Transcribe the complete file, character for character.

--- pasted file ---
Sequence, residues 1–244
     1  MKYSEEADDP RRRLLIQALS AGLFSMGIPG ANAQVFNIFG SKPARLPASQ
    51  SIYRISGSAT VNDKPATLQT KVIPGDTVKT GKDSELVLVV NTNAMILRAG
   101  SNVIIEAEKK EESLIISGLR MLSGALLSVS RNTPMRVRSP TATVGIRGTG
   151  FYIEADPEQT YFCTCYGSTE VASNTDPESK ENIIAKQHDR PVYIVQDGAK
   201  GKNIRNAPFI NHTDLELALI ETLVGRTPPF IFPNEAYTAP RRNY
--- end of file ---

Sequence, residues 1–244
     1  MKYSEEADDP RRRLLIQALS AGLFSMGIPG ANAQVFNIFG SKPARLPASQ
    51  SIYRISGSAT VNDKPATLQT KVIPGDTVKT GKDSELVLVV NTNAMILRAG
   101  SNVIIEAEKK EESLIISGLR MLSGALLSVS RNTPMRVRSP TATVGIRGTG
   151  FYIEADPEQT YFCTCYGSTE VASNTDPESK ENIIAKQHDR PVYIVQDGAK
   201  GKNIRNAPFI NHTDLELALI ETLVGRTPPF IFPNEAYTAP RRNY